Frank Norris, The Octopus (Chp. II):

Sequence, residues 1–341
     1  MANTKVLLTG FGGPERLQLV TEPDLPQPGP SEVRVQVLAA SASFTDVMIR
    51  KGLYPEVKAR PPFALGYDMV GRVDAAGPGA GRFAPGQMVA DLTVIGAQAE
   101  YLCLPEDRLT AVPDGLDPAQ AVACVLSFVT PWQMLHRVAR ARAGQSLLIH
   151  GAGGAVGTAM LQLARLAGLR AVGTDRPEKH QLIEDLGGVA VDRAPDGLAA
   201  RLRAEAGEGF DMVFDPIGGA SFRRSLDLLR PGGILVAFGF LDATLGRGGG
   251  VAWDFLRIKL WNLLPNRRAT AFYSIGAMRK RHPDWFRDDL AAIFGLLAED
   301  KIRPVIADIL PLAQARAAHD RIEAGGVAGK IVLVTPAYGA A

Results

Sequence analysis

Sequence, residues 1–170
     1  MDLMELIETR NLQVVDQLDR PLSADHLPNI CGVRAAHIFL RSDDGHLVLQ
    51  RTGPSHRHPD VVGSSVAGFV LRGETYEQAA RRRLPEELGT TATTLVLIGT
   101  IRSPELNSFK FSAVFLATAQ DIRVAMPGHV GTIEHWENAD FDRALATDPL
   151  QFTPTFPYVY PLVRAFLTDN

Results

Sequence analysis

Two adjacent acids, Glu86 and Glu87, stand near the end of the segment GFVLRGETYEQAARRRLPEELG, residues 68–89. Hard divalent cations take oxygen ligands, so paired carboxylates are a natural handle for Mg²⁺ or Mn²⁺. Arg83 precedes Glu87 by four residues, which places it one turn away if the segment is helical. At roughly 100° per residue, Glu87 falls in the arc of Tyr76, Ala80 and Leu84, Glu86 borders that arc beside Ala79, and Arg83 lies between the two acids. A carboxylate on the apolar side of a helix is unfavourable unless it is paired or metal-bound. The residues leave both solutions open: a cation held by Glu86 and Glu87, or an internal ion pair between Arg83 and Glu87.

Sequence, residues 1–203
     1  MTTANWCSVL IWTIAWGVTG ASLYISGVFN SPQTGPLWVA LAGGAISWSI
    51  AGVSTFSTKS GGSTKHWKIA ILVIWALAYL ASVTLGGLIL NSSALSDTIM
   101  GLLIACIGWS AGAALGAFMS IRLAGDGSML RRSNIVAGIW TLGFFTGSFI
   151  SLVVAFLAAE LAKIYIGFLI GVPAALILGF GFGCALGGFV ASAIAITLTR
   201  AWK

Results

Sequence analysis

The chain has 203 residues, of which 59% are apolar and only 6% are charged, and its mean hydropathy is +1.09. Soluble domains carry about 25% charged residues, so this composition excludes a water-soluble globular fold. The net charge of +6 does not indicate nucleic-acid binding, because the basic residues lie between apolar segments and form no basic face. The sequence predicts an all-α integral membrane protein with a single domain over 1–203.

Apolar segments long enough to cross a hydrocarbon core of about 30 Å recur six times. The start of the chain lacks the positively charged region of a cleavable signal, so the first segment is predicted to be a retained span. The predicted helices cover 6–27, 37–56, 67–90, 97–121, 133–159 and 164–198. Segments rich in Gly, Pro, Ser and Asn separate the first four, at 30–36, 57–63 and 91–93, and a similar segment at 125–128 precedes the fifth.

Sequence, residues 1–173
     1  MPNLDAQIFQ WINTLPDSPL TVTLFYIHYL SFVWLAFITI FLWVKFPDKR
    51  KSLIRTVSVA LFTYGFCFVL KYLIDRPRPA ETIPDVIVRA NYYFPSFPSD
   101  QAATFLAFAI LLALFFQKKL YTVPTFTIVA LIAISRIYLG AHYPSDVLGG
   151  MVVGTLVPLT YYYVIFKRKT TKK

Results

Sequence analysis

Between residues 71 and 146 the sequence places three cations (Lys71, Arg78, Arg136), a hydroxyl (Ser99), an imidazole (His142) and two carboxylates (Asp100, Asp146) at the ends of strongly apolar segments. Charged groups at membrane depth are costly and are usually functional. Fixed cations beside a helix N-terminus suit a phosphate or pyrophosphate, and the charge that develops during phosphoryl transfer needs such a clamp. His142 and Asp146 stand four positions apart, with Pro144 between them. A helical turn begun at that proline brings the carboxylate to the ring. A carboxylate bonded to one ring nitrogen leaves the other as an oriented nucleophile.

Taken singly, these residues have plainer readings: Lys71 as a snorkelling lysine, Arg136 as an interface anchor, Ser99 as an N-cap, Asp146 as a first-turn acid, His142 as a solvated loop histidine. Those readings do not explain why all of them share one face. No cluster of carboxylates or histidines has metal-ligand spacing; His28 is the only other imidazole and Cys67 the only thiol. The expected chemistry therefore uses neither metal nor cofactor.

Magnus Derrick’s wife looked hardly old enough to be the mother of two such big fellows as Harran and Lyman Derrick. She was not far into the fifties, and her brown hair still retained much of its brightness. She could yet be called pretty. Her eyes were large and easily assumed a look of inquiry and innocence, such as one might expect to see in a young girl. By disposition she was retiring; she easily obliterated herself. She was not made for the harshness of the world, and yet she had known these harshnesses in her younger days. Magnus had married her when she was twenty-one years old, at a time when she was a graduate of some years’ standing from the State Normal School and was teaching literature, music, and penmanship in a seminary in the town of Marysville. She overworked herself here continually, loathing the strain of teaching, yet clinging to it with a tenacity born of the knowledge that it was her only means of support. Both her parents were dead; she was dependent upon herself. Her one ambition was to see Italy and the Bay of Naples. The “Marble Faun,” Raphael’s “Madonnas” and “Il Trovatore” were her beau ideals of literature and art. She dreamed of Italy, Rome, Naples, and the world’s great “art-centres.” There was no doubt that her affair with Magnus had been a love-match, but Annie Payne would have loved any man who would have taken her out of the droning, heart-breaking routine of the class and music room. She had followed his fortunes unquestioningly. First at Sacramento, during the turmoil of his political career, later on at Placerville in El Dorado County, after Derrick had interested himself in the Corpus Christi group of mines, and finally at Los Muertos, where, after selling out his fourth interest in Corpus Christi, he had turned rancher and had “come in” on the new tracts of wheat land just thrown open by the railroad. She had lived here now for nearly ten years. But never for one moment since the time her glance first lost itself in the unbroken immensity of the ranches had she known a moment’s content. Continually there came into her pretty, wide-open eyes—the eyes of a young doe—a look of uneasiness, of distrust, and aversion. Los Muertos frightened her. She remembered the days of her young girlhood passed on a farm in eastern Ohio—five hundred acres, neatly partitioned into the water lot, the cow pasture, the corn lot, the barley field, and wheat farm; cosey, comfortable, home-like; where the farmers loved their land, caressing it, coaxing it, nourishing it as though it were a thing almost conscious; where the seed was sown by hand, and a single two-horse plough was sufficient for the entire farm; where the scythe sufficed to cut the harvest and the grain was thrashed with flails.